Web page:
Welcome to Year 4 at primary school!
In schools in England, Year 4 is for children 8–9 years old, and is the second year of Key Stage 2.
During this year, your child will start getting more homework set for them. Watch out for the Year 4 multiplication tables check in June, when children will be expected to recall their times tables from 1 to 12 in a timed test.
What to expect in Year 4
Times tables, confidence, and fun!
Congratulations! Your child is in Year 4. This can be a year in which teachers nurture and encourage the feelings of independent thinking, learning and decision making. So just what can you expect if you have a child in Year 4?
They already know the routines for the Juniors; they have already realised that they have to do homework; they already understand that they are expected to learn a lot in a year; they can dress themselves (mostly!). Read on for our guide to life as a parent of a Year 4 child.
What will my child do in Year 4?
As with other years in primary school, Year 4 teachers follow the schemes of learning set by the government.
1. The wider curriculum
In Year 4, there are some great science topics that children love, such as food chains, sound, electricity, and gases. Fun and engaging history and geography topics are also taught in Year 4. It will vary slightly from school to school, but expect them to learn all about the Stone Age, the Romans, and the Anglo-Saxons at some point. These are the subjects that fire the imagination and that children remember.
These are also topics that will get your child talking at home, so you might enjoy finding out a little about them so you can chat about them together.
2. Maths and English
In maths and English, the teachers will be aiming to ensure that your Year 4 child knows and understands particular key skills. Apostrophes, commas, times tables, and key spellings are just some of the things children in Year 4 are expected to use accurately.
3. Moving from pencil to pen
Year 4 is also often the year that children earn their ‘pen licence’ – that peak of handwriting neatness that allows your child to write in pen at school. This can be a big thing for the child whose handwriting is not the neatest. It is good to have something to aim for and often raises the profile of handwriting.
However, don’t worry if your child is not writing with a pen straight away. They will get there eventually!
4. Becoming confident and independent in learning
Overall, perhaps the single most important aspect of this year is children’s increasing independence and confidence in what they can achieve at school. Your child will be encouraged to start to think about their own learning. They need to make decisions on how to present work, how and when to complete homework, and how to learn best.
Children often ask questions and their teacher will encourage them think for themselves too. Could they answer the question themselves? Can they make that choice? If they can, then they are learning skills which are vital for Year 5, Year 6, and adult life. That is how their learning changes from the beginning to the end of the year!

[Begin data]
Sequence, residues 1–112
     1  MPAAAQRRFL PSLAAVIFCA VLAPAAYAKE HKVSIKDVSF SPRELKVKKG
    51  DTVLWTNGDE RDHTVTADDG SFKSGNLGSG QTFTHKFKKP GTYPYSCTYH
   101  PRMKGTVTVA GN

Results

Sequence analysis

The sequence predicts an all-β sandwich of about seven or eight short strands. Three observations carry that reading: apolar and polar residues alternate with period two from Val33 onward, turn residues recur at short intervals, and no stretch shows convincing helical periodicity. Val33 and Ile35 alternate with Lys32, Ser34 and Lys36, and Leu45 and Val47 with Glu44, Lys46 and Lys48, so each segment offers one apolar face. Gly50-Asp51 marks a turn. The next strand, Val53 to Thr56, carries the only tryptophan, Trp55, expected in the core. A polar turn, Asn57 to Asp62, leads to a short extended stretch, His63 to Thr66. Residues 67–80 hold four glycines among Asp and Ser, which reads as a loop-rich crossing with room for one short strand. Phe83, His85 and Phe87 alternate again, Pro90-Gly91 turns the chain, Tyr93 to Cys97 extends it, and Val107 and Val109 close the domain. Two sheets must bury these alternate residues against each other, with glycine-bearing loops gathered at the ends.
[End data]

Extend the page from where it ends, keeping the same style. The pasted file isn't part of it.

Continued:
How can I help my child in Year 4?
1. Carry on reading together
For English, the single most important thing that you can do is to hear your child read. Good readers make good writers because they are exposed to a greater variety of vocabulary, syntax, grammar and style.
When you listen to your child read, there are a number of things to remember:
Make it fun! Use silly voices and read to each other as well as just listening.
Ask questions about the text, the characters, the plot, the setting, the style of writing, and the words. Anything to get them to think about what they are reading and to consider the deeper messages hidden in the subtext.
Read a wide range of writing – from comics to newspapers, novels to Pokemon cards, and even your child’s own writing!
Look up individual words in a dictionary or thesaurus together to find out what they mean.
Stop if they or you are tired.
Be a good role model for reading. This is the perfect excuse to curl up on the sofa, forget the chores, and read a good book yourself!
Of course, children in Year 4 are perfectly capable of reading to themselves as well, and independent reading (and writing) must also be encouraged. However, it is important that those comprehension skills are regularly checked and reading aloud is perfect for that.
2. Learn times tables
In maths, there is an expectation that by the end of Year 4 all times tables are known and learnt fluently. Anything you can do to help that knowledge go in and stay in is fantastic.
Practise regularly, making sure to go back and repeat tables you have practised before.
Sing tables in the car; at mealtimes; before bed; walking the dog; at any spare moment! Put a poster at the end of their bed or give your child tapes to listen to in the car. So that’s it – Year 4 at a glance. Have a lovely, happy, and most of all fun year.
To See the Full Range of Year 4 Books at Books4people.co.uk Click Here